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What is Your Passion?-Always Confused Me Until…..

 takes pleasure to welcome Underneath the Pink Umbrella as a guest contributor on Womenlines panel. Underneath the 
Pink Umbrella is a student in Singapore and feels strongly about women issues. This month she is sharing her views regarding the importance of pursuing your passions:

Underneath the Pink Umbrella: The power of choice. A great show once said when the gun is pointed at you and you are forced to choose between two unrealisable options, take the gun and twist it back at the person pointing it at you. Therefore, sometimes we feel in order to do something we have to forego the other, but in reality, if you can manage it, you will be able to do everything you put your heart into!



As kids, we were asked: “What do you want to be when you grow up?”

We would respond with innovative responses such as “pilot”, “firefighter”, “astronaut”, or in my case “Fashion Designer”.


Watching my fashionista of an older sister get dressed up was an entertaining way to pass time. She would explain each stage of getting ready and the secrets behind how she looked so perfect all the time. Her love for fashion and shopping extended to me as I would read all the magazines she subscribed to, go shopping with her, and help her in whatever innocent way I could in her work while she pursued a degree in Fashion Marketing and Management. She did it, she followed her passion, and succeeded by opening her own brand. She was always talented in that one field and mastered it.


A blessing with its drawbacks, I loved everything I did and managed to perform decently well in most subjects. Therefore, it was very difficult to decide subjects and choose my field of education. Furthermore, even in higher education, my chosen subjects reflected no clear direction and the prospect of choosing one to pursue as a degree felt like I was betraying my love for the other subjects.


I chose to study business in SMU. Here there are multiple CCAs and see the potential to continue pursuing a few of my passions. I teach French once a semester here, organize Literature-themed events, and write for Womenlines. My hobbies and interests were hence taken care of. But that tussle between passion and education was eating away at me. It caused me to have a nervous breakdown during which I nearly left SMU since the lack of creativity made me feel trapped.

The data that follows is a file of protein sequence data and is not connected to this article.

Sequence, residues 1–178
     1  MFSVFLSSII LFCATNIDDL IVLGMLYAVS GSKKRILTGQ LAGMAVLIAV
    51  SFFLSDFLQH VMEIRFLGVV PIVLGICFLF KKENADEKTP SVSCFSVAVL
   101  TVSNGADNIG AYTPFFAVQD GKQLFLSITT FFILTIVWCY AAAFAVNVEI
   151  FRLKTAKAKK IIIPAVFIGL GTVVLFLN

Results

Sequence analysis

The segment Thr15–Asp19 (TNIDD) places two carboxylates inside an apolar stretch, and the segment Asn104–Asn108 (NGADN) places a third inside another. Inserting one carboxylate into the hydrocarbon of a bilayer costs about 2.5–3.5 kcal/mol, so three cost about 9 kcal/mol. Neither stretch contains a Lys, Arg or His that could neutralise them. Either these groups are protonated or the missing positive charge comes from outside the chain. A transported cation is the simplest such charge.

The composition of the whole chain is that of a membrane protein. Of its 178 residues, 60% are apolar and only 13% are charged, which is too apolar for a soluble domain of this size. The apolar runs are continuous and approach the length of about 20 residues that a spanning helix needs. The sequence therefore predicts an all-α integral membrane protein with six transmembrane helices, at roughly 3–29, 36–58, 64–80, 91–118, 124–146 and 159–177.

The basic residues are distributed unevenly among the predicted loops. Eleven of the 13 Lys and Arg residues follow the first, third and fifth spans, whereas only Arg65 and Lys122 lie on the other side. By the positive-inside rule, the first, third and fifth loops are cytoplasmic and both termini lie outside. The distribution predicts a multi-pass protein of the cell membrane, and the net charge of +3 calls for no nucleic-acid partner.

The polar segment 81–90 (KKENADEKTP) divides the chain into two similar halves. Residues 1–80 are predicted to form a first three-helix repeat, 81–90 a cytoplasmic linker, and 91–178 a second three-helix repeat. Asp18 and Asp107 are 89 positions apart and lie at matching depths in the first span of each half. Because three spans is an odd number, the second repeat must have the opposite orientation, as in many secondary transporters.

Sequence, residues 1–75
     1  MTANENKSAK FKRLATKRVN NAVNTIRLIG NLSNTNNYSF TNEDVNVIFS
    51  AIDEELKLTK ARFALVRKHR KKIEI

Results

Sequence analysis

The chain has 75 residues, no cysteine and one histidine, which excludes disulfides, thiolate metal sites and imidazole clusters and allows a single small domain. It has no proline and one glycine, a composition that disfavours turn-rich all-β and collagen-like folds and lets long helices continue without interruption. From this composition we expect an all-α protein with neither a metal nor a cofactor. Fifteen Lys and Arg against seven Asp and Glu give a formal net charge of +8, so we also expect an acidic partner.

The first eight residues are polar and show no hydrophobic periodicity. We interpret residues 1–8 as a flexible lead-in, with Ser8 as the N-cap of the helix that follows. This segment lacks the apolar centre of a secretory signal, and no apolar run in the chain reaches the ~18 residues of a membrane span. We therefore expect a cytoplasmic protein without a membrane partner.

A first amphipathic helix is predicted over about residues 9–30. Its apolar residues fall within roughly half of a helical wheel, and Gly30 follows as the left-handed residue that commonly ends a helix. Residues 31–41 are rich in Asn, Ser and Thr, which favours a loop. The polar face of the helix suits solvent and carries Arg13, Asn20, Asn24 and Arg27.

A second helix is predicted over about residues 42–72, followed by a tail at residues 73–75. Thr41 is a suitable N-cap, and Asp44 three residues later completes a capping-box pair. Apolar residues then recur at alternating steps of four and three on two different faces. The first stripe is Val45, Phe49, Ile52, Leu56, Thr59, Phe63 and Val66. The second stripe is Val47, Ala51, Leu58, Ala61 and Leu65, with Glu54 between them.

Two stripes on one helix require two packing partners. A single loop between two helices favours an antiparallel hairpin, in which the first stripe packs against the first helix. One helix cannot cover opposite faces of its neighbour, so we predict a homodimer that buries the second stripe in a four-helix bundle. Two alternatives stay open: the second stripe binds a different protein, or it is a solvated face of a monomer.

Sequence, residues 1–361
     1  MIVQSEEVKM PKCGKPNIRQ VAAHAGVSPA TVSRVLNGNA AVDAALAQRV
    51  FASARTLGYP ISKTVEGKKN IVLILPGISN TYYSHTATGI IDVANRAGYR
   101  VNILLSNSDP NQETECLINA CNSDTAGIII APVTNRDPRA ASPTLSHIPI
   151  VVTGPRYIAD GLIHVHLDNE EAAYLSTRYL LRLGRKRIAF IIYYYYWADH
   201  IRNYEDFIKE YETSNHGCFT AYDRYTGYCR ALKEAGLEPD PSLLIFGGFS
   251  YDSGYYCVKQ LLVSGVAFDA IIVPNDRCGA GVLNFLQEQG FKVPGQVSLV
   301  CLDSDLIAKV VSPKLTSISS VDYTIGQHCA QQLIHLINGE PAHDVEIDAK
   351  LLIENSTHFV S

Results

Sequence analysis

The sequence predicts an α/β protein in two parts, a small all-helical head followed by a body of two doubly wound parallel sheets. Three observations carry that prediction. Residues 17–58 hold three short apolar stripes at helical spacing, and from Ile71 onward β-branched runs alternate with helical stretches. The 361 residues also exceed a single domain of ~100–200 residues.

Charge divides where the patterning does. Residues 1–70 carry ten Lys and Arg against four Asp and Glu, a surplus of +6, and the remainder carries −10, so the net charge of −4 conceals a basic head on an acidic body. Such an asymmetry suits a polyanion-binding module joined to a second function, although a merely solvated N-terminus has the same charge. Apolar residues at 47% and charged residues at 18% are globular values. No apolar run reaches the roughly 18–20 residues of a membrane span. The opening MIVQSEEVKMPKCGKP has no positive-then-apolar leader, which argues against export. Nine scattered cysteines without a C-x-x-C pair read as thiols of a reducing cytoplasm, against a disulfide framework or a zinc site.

There and then I made a promise to myself, that if something has to happen, it will, and I will make a conscious effort to practice art or do part-time courses in universities nearby.


Come Semester 1 of Year 2, one month in, two months in, getting caught up in the work I confronted myself about the promise. I opened my schedule, researched courses and signed myself up for an Oil Painting class and Fashion Illustration class. I had scheduled in an art class once a week, which fit in beautifully with my SMU timetable.


On my way to the class, I realized I hadn’t smiled the way I did before attending any class in SMU before. When buying the canvas, the paints, the brushes, the familiarity of it beckoned me. I had forgotten about one of the most essential parts of my identity for the past 4 years, and nothing was going to prevent me from pursuing it now. In the first art class, I was anxious, it had been 3 years since I last held an oil painting brush, however, the muscle memory took over. I recollected every skill and every art class I had since age 10.


I could not have imagined that it could get any better… At LASALLE College of the Arts, I stepped into the classroom. I saw the designs and colours and sketches which I’d seen on shows such as Project Runway. I saw a room full of passionate people who were here for the same reason I was, to reverse the damage of cheating on their passion. Learning how to professionally draw something that I used to doodle in my notebooks in 4th grade felt like I was doing justice to my younger self’s dreams. I would doodle designs of eccentric gowns in my notebooks, textbooks and worksheets. Without a doodle, my teachers would question whether it was truly my work. The satisfaction gained from doing something you are passionate about is unparalleled. I am fortunate enough to have the opportunity of doing so as well.


Work is work, it cannot be neglected. But I believe, having a balance is important, and fueling that passion is essential to excel in your work.


Underneath the Pink Umbrella:

Hey! I am currently a freshman studying business, quite boring you might think, right? But I’m passionate about it! Besides that, I’m passionate about women’s rights, which is a topic that has been debated for centuries. A historian and artist, I try to research the story behind everything and imbue creativity in whatever I do. My contributions will show you my stance on women’s issues and offer a historical background and a fresher and more relatable perspective on the world and women around you.



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